#1
Nov2407, 02:52 PM

P: 12

So Ive been talking with some people about this problem, but I cant seem to find the answer, or even set it up!
"A region in space, when viewed from 3 different views, looks like a circle, looks like a square and looks like a triangle. Describe this object. And then use multiple integration to determine its volume" So if you think of any two shapes its pretty easy. Such as square and triangle = pyramid, circle and square = cylinder and so on. But I couldnt figure out a shape for when you add the third shape. And then Figuring out the integral would be even more difficult. What do you guys think about it? =D 



#2
Nov2407, 03:34 PM

P: 492

you almost had it with the circle+square=cylinder, what if you were to have only a square from the "top/bottom" and the sides a triangle?




#3
Nov2407, 03:43 PM

P: 12

Im still not getting it.. Pictures would help. >.<
So Square base and top. Sides triangle? Where would the circle go? 



#4
Nov2407, 03:45 PM

P: 492

Tricky Multiple integral word problem
it's originally a cylinder, 2r=height, so from 2 sides you'd have a square. and now cut off some part in order to get a triangle from the other 2 sides. So it looks like a wedge with a circular base and square top/bottom.




#5
Nov2407, 04:40 PM

P: 12

OH I think I get it now. So bascially, its 1/2 a cylinder right?
http://img77.imageshack.us/img77/8178/shapehi9.gif So side view is square, bottom is circle and other sides are triangles. Thanks!! But how would I find the volume of that shape? 



#6
Nov2407, 04:47 PM

P: 492

hm..depends how you place the axis's on it, but I think you'll need to add 2 integrals due to the circle you'll have the top and bottom part of it.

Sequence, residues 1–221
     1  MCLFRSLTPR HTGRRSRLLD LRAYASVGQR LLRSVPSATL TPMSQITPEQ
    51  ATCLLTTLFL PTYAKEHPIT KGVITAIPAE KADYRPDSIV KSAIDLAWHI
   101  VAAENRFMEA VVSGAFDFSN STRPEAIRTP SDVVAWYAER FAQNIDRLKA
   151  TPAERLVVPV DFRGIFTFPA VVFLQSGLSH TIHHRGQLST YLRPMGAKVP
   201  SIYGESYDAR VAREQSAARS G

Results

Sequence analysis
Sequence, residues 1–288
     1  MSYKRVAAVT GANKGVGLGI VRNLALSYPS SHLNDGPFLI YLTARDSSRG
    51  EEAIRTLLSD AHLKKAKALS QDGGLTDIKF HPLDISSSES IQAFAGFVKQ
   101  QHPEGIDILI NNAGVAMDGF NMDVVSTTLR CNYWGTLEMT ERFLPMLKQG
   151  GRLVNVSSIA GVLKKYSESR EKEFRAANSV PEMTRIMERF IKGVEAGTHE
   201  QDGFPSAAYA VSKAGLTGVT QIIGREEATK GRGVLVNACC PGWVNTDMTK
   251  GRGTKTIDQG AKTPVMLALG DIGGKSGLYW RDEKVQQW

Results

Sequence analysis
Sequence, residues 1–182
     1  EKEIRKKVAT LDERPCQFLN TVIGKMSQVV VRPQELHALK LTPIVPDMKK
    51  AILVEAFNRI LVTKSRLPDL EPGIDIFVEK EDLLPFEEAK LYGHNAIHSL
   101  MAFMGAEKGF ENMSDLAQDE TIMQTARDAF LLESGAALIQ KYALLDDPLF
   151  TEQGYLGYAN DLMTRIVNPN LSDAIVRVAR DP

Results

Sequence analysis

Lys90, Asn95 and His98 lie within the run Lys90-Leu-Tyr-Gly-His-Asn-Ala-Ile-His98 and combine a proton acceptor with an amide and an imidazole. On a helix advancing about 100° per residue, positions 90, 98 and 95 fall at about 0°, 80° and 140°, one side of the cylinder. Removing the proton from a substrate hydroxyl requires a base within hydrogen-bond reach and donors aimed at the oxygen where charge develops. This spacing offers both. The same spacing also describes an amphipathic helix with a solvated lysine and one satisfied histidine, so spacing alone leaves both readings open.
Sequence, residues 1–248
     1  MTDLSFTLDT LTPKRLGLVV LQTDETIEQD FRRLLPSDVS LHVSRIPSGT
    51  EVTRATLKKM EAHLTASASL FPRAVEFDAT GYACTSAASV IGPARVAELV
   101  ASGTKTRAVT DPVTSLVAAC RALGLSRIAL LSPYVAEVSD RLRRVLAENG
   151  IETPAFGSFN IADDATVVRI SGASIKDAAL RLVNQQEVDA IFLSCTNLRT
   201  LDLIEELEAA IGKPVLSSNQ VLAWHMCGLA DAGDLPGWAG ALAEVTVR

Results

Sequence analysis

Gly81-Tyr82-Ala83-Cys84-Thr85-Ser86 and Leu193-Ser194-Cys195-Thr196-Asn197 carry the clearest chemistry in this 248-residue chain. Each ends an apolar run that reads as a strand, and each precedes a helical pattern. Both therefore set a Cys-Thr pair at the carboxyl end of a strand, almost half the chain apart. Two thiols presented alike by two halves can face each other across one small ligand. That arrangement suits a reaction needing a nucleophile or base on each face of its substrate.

and it might be better to cut the cylinder by 2 lines so looking at the triangle side you can cut it at the center of the circle and get 2 symmetric sides so you can just do 2xsome integral to find the volume. 



#7
Nov2407, 04:51 PM

P: 12

Well if I cut the cylinder in half diagonally, couldn't I just take the volume of the cylinder and then divide it by two? When you say cut the cylinder with two lines what do you mean?
And I have no idea how to set up the integral. >.< could you get me started please? 



#8
Nov2407, 04:54 PM

P: 492

o yea you could just do that.
Use cylindrical coordinates to setup your integral and then just multiply it by .5 to find the volume. 



#9
Nov2407, 05:15 PM

P: 12

could you help me set it up? thats the part im really bad at. Many thanks for discussing this problem with me. =)




#10
Nov2407, 05:19 PM

P: 492

well you have [tex]r,\theta,z[/tex] in cylindrical coordinates.
r? theta? z? z being the height and from what we've written you know what it is. so just find the r and the z and you can setup the integral. 



#11
Nov2407, 05:30 PM

P: 12

theta would be 0  2pi?
z would be the height soo lets say 0  a what would r be? 



#12
Nov2407, 05:33 PM

P: 492

r would be 0 to the circle's radius, say R, and the height of the cylinder can be described in terms of R. So you can have the square when looking at it from 2 sides.




#13
Nov2407, 05:41 PM

P: 12

what would the actual integrand be? [tex]rdrdz\theta[/tex]
r  0R theta  02pi z  0R ? 



#14
Nov2407, 05:47 PM

P: 492

no the z=2R because you need the diameter of the circle to = the height in order to get the square when looking at it from that side.
and yes the integrand will just be rdrdzd(theta). 



#15
Nov2407, 05:55 PM

P: 12

[tex] 2\pi (\int \int rdrdz) [/tex]
02R for first integral and 0R for second one. how would I go from there? the rdr is confusing me a little. 



#16
Nov2407, 05:59 PM

P: 492

[tex]\int_0^{2\pi}d\theta\int_0^R rdr\int_0^{2R}dz[/tex]
the rdr just means integrate r w.r.t. r just like: [tex]\int x dx[/tex] 



#17
Nov2407, 06:06 PM

P: 12

I got 2pi r^3 for final answer
after dividing by two. How does that sound? 



#18
Nov2407, 06:09 PM

P: 492

yep that's what I got.
the volume for a cylinder is pi r^2 *h. h=2r >2pir^3 and then *.5 = pi r^3 


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